As the billboards display, it’s into Dodge, not outta Dodge.
After a good nights sleep in Colby we headed down the 83 to Garden City. Kansas has a lot of fertile farming land and it’s no wonder they call it Plainsmen country as it is just that – very very flat. Full of corn fields and feed lots, and then more corn fields and oil derricks.
On the outskirts of Garden City seems to be a large industrial hub and also a manufacturer for wind turbines. These things are huge when you see all the parts laying in a plant yard!
Onward we went heading east to Dodge City arriving around lunchtime.
Dodge City town burnt down twice in the 1880’s, front street as depicted now at The Boot Hill Museum (some buildings or facades were moved to the site, the rest was replicated in 1958) is a replica of what it looked like back then, however was originally about 2 blocks away.
Dodge City was dubbed The Wickedest Little City in the west. Now it seems to hold the history and the spirit but is a booming cattle industry/meat producing town amongst corn, wheat and other crops.
Other interesting facts to note, (there was so much information to take in on the Trolley Tour I couldn’t keep up!). Other than the famous and infamous cowboys, lawmen etc that travelled through and worked in Dodge City.
– Fort Dodge was established in 1865, originally a campground of sorts for wagons travelling the Santa Fe Trail.
– George Hoover established the first saloon in Dodge. A sod hut erected in 1872, he later became Mayor.
– First burial on Boot Hill was in 1872 (named Boot Hill because people were usually buried with their boots on) and the Alice Chambers, a dance hall girl reportedly to be the only woman to have been ‘planted’ on Boot Hill, however supposedly by natural causes.
– Dodge City was known as queen of the cowtowns until the Kansas quarantine law came into effect in 1885 when the longhorns carried a tick disease that infected local cattle.
– there were 2 front streets, the more ‘decorum’ North side where no firearms or dance halls were allowed (north of the tracks and on the side where the reproduction street is), and the South side which was the main business block of the 1880’s popular with buffalo hunters and cowboys, saloons, gunfights and ruckus! Separated during the times of Wyatt Earp and Bat Masterson trying to bring order to the city.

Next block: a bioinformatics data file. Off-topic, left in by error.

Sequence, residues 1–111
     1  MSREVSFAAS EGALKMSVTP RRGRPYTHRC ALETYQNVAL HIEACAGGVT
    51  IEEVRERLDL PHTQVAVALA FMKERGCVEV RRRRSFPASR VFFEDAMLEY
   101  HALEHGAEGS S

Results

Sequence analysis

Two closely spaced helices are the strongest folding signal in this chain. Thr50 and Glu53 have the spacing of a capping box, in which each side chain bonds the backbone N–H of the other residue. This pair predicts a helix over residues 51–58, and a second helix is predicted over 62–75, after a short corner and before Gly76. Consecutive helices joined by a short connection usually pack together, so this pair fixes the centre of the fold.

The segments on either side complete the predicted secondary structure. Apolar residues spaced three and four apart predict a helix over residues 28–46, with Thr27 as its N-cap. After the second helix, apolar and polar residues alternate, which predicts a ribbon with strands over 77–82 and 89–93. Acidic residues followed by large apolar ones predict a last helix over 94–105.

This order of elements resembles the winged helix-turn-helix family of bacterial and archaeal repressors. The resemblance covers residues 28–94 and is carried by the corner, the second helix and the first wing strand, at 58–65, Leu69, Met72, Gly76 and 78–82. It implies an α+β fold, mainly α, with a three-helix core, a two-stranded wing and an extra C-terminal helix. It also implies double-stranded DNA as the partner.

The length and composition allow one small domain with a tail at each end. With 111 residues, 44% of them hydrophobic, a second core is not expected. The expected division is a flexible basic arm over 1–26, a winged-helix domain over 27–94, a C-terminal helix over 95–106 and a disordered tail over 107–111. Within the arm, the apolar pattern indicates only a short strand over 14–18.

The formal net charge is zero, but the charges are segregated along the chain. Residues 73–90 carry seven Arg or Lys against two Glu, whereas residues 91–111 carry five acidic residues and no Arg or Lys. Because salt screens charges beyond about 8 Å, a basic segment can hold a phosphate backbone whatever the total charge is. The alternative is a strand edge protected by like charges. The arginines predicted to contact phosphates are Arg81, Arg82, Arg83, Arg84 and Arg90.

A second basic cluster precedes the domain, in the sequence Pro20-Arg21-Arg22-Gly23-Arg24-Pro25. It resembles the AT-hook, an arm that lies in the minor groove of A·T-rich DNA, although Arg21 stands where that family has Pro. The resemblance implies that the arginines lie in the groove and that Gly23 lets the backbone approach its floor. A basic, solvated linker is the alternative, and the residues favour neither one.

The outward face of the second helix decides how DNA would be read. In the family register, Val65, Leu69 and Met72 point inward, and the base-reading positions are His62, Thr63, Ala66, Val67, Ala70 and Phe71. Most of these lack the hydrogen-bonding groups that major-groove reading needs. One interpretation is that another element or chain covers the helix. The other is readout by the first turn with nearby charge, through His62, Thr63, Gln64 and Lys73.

– The Long Branch Saloon was the most popular. Owned and operated by Beeson and Harris, later made famous by the television series ‘Gunsmoke’. Regular entertainment was given by the Dodge City Cowboy Band and was known for gambling and fine whiskey.
– between 1866 and 1872 it is said the population was around 1000 citizens that reportedly consumed enough alcohol to the equivalent of 150 miles/ year!!!
– it was also known during that time that only 13 people were Christians. Gospel Hill becoming know for it’s churches, the St Cornelius Episcopal church still has the original building from 1891 the stained glass windows are still original. The Presbyterian church that is there now is built on the original site, the gable being where the first church was and the bell in the courtyard is from the original Presbyterian Church.
– The Mueller-Schmidt house is original and listed as a historic landmark today and you can take tours through it.
– The Santa Fe Depot once a famed Harvey Hotel was one of the finest depots. The building at the end of the depot is the original Harvey girls dormitory.
– The first Marshall for Dodge was in 1875. The famous Wyatt Earp was an assistant Marshall or Deputy in 1877 and had a quite way of enforcing law. Bat Masterson also embodied the colourful tales of the Wild West. He was one of the first citizens buffalo hunting with his brother and a friend. Bat’s brother Ed was a Marshall which was a short tenure when he was shot by a cowboy in a saloon as he attempted an arrest.
– Butter & Egg Rd was originally used as a street for farmers to bring butter and eggs into town to be sold. The county here wanted to change it for 911 upgrade purposes to Laryette but the community got together and protested keeping the name of the road as it’s original. It sits out in amongst the feedlot heartland.
– There are huge feedlots here with up to 1.3million cows capability. 85% cow hides are used for leather goods like shoes and car upholstery. Nothing is wasted, even the manure is used for fertiliser on other crops.
– Dodge City is one of the richest wheat and cattle industries in the world.
– When Francisco Vasquez de Coronado came through on his quest for gold in 1541 when he gave up looking for the City of Gold they left the horses here which in part is how the Indians became proficient horsemen and they became the ride for cowboys to navigate the plains.
– 3 years of intense buffalo hinting nearly eliminated the buffalo by the end of the late 1870’s. Prior to the hunting a buffalo herd could be a mile long and one and a half miles in width.
– at Fort Dodge, the Custom House original building was the original commanding officers quarters. The wooden building housed military men.
– The museum library is situated in the original store house.
– The quarters for the men, two stone barracks and one of Adobe. All now sits inside the Military Kansas Veterans and is a state soldiers home, like a retirement home.
– 1500 trucks a day service business in Dodge, for meat processing and other major manufacturers.
– There are two major meat processing plants in Dodge, employing around 2 thousand people each. The Winter Livestock lots is the biggest privately owned and runs auctions every Wednesday.
Phew! A history bombardment, fabulous! Hot day too, 106F/41C. Thoroughly enjoyed it.
We decided to move on at around 4.40pm and not do the wax museum. Tonight we spend in Pratt, KS, homeward bound to Edmond, OK tomorrow.
See you on the trail again next week as we head to Kentucky! Yee haa!